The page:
In the Heights
A sell-out hit before it opened at the intimate Hayes Theatre in 2018, In The Heights now explodes into vibrant life on the larger stage, and into it's much larger space, at the Sydney Opera House, its short season promising, once again, to pack out its new 2,000 seat venue.
Hard as it is to best last year’s season, in places the return season blasts off into new dimensions in its upsized version.
Ballads, for instance, have a whole different impact, especially Margi Ferranti’s “Pacienca Y Fé (Patience and Faith)” which finds new room to soar, filling the large venue with her rich voice and immense heart. Big songs by Olivia Vasquez as Vanessa and Luisa Scrofani as Nina are also supercharged by the new venue.
Greater space provides Amy Campbell’s fiery Latino and rap choreography that bit more space, also allowing for a couple of extra dances – marvellously tight, edgy and intense at the Hayes, it’s now that touch more expansive, and perhaps that touch more daring at times.
Opening up the setting allows individual locations to be further developed and a touch more spacious within the single set.
Musical Director Lucy Bermingham’s band, enhanced by a couple of additional players from the Hayes season, raises the roof.
Most of the original Hayes Theatre cast return, with all the same energy, animation and joie de vivre, appropriately magnified, and while there are a couple of significant cast changes, the new performers don’t disappoint. Stephen Lopez drives the production dynamically, and with dynamic and vocal range, in the central role of Usnavi, which he previously played in the Australian Premiere in Melbourne. Joe Kalou is a credible, engaging Benny.
I'll leave my review of the new version at this point, as just about everything else I'd wish to say was expressed in my review of the original Hayes version - below.
2019 images - above - Clare Hawley.
Blue Saint Productions. Hayes Theatre Co, Potts Point, NSW. Mar 16 – Apr 15, 2018
As I walked out of the theatre, I wanted to tell everyone to see this vital, joyous musical, but unless you’ve already bought your ticket, you’ll have to hope for a return season. All remaining performances sold out ahead of opening night.
As In The Heights raps, hip-hops and salsas its way across the stage, it’s a world away from anything else that has sung and danced around the Hayes stage amongst the eclectic repertoire we’ve enjoyed there.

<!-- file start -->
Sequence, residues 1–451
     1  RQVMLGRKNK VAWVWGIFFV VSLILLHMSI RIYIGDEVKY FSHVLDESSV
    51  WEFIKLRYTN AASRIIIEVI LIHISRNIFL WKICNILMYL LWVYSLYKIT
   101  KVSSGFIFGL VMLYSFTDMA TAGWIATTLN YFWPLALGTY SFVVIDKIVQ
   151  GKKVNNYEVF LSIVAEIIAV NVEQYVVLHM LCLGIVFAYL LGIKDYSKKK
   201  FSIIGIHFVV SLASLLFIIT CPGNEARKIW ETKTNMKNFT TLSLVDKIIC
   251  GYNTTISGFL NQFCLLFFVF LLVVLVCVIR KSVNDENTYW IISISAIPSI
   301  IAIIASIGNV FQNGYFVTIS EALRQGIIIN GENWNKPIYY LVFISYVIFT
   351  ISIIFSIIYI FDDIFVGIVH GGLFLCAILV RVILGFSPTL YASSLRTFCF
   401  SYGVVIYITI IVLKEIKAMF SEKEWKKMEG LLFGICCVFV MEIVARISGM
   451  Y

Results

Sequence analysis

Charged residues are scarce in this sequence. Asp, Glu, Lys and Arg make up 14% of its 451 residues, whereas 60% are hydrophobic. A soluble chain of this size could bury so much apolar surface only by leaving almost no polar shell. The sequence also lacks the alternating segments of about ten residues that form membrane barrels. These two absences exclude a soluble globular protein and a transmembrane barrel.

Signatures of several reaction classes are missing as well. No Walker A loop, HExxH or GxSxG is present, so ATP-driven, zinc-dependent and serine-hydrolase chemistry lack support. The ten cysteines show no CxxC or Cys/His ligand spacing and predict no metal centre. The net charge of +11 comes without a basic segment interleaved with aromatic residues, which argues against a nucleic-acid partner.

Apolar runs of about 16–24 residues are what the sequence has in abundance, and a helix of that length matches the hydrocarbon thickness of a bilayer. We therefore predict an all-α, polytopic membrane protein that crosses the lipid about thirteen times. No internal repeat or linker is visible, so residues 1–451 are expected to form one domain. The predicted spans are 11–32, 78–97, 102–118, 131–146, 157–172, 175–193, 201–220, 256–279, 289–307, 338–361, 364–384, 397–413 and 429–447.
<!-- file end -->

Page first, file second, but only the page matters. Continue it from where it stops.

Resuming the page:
An earlier work from creator of Broadway mega-hit Hamilton, which had its genesis while Lin-Manuel Miranda was still a student, In The Heights won four 2008 Tony Awards, including Best Musical and Best Score, and a Grammy for Best Show Album.
Through its street music, and the ethnic music of this Hispanic-American community in Upper Manhattan’s Washington Heights, character and truthful humanity emerges in fresh, organic style. Occasionally a big ballad or love duet strays into more conventional Broadway territory, but generally it’s only the book scenes which feel a bit too predictable at times.
Pursuing their aspirations, the lives of this immigrant community, surely resonate with so many Australians.
It’s not simply a beautifully balanced, diverse local cast which makes this production special. Amy Campbell’s fierce, fiery choreography sets the theatre abuzz. Percussion driven accompaniment from Lucy Bermingham’s excellent band pulses. Simon Greer’s set ensures fluidity, effectively evoking a run-down upper Manhattan neighbourhood, while simply suggesting the three businesses located there, a bodega, a beauty salon and a taxi radio base, with Elizabeth Franklin’s costuming adding vibrancy and colour to the visuals. Director Luke Joslin has created a big, bustling musical on this small stage.
Ryan Gonzalez is a force of nature, driving the production as Usnavi (the role composer/lyricist Miranda originated), running a bodega inherited from his parents, while dreaming of owning a Caribbean beachfront bar.
Marty Alix is great fun throughout as his cheeky sidekick and cousin Sonny.
Usnavi is keen on, but tongue-tied around, Vanessa, who works at the neighbouring beauty salon while aspiring to a life in downtown Manhattan, and what’s not to love about Olivia Vasquez’s sassy portrayal and her great vocals. Her scenes and numbers with fellow salon workers Libby Asciak and Monique Montez are great fun.
Tim ‘Timomatic’ Omaji makes an impressive crossover to musical theatre as the ambitious Benny, keen on Nina the boss’s daughter, just home from college, played engagingly by Luisa Scrofani. Star-crossed, they’re a bit 'Romeo and Juliet', but with a happy ending.
Both Ana Maria Belo’s feisty Camilla and Margi De Ferranti’s Abuela Claudia, the neighbourhood grandmother figure, shine representing older generations in this generally youthful community. As Nina’s mother, Belo delivers some fierce comic timing, while De Ferranti is wise and caring, landing an emotional and vocal knockout blow in her big number “Paciencia y Fe”.
Among smaller roles played by this talented company of fifteen, Richard Valdez’s scene-stealing street vendor is a real crowd pleaser.
Together the characters and their community, as drawn and explored through music, lyrical vernacular and dance, provide the unique charm of In The Heights, and this cast land them marvellously.
Could this be the best of the many wonderful evenings of musical theatre I’ve enjoyed at The Hayes? Very possibly, though that would be a very tight multiple photo finish.
2018 Images: Lightbox Photography